Which, on second thought, might not be the strongest compliment one could draw for a follow-up record; after all, shouldn’t listeners demand more than the exact same? You Still Here, Ho? is, in essence, an identical release to Ho, Why Is You Here?, concerned with similar topics (slapping bitches, stunting on haters, etc.) and executed with comparable flows and cadences as well. The only discernible difference seems to be a budget increase, paying for the wasted likes of Babyface Ray to mope around on “Hottie” and Rico Nasty to scream a lot on “Pay Day”; other than those two, it’s all Flo’s show. The biggest mark of quality here, then, isn’t based on the product as a whole, but more the small pockets of joy that Flo’s dexterous flows can reliably bring out at a moment’s notice — which, for a 17-track run of primarily solo cuts, is an impressive feat in-and-of-itself. While regulated to the ghetto of bonus track territory, the zany “Roaring 20s” summarizes pretty well what those pleasures can materialize as: where plainly ridiculous bars like “They never should’ve fucked up and gave me money / Came straight out of ‘Bama, now ain’t shit funny” can be traded off with such brazen conviction, only to be followed up with, yet again, more shots aimed at these hoes (“I swear, all these bitches be makin’ me sick / Like shit, all that bitch do is eat up some dick”). If that doesn’t convince you of Flo Milli’s greatness, I don’t know what will.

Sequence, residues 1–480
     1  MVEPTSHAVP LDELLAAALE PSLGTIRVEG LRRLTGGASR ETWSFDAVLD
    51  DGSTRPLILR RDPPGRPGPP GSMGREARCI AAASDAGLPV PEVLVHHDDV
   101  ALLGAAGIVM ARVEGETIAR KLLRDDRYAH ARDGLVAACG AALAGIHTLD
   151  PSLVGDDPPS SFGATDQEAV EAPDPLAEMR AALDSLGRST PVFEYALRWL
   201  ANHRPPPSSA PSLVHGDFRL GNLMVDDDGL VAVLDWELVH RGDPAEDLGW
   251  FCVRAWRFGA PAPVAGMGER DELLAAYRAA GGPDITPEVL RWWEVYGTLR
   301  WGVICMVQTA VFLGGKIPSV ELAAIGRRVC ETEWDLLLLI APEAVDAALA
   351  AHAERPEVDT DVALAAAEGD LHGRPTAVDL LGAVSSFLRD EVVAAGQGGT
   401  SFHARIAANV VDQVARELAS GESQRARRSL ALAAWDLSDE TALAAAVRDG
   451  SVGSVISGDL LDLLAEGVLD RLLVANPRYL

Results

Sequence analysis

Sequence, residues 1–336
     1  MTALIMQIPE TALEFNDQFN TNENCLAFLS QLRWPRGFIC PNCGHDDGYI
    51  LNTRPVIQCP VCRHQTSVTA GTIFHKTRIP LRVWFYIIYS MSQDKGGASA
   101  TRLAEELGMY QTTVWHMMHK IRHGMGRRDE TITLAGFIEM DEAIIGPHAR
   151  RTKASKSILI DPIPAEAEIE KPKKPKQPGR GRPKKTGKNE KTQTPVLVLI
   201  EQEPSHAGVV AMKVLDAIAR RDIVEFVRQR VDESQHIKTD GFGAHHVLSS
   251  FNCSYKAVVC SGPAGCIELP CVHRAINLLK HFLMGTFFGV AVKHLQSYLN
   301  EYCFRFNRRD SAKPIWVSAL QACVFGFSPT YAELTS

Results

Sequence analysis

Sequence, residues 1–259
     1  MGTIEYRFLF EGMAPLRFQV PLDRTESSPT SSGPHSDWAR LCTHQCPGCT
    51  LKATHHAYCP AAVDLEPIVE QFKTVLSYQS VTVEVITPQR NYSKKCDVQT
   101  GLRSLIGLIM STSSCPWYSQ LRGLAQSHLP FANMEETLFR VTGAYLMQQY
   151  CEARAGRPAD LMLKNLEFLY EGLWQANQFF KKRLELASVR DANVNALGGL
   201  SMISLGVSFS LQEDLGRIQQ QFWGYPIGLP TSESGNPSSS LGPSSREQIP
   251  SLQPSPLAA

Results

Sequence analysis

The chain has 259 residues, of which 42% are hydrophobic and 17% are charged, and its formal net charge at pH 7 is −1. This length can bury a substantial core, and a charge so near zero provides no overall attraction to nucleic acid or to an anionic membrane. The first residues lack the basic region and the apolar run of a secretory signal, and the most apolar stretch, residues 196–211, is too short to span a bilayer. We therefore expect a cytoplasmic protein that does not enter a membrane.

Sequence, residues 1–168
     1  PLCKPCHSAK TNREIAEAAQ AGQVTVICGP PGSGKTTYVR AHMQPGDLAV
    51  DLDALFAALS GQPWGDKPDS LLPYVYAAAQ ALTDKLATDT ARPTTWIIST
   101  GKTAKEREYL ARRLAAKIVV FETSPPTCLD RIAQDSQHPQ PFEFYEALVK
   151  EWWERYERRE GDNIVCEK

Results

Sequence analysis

Five member K-pop girl group Itzy have made a career out of being weird. Sometimes through shallow, not-like-other-girls branding, and sometimes through music packed with quirky production choices and bold, shouted hooks. Their debut track “Dalla Dalla” (2019) opened with an elevator ding and a hollow, bending synth line: “I love myself!” the ladies of Itzy cheered as glitter bombs exploded in the distance. A year later, they renewed their self-love licenses on “Wannabe,” where they declared that “I don’t wanna be somebody, just wanna be me” over a crunchy mix of guitar strums and room-filling synths. Other tracks like “Not Shy,” “Swipe,” and “Icy” respectively featured obnoxious horns, a sneering hip-hop beat, and a chaotic cascade of first sugary, then gritty instrumental layers. They reveled in being too much, almost all the time: you either got it, or you got left behind to catch up later.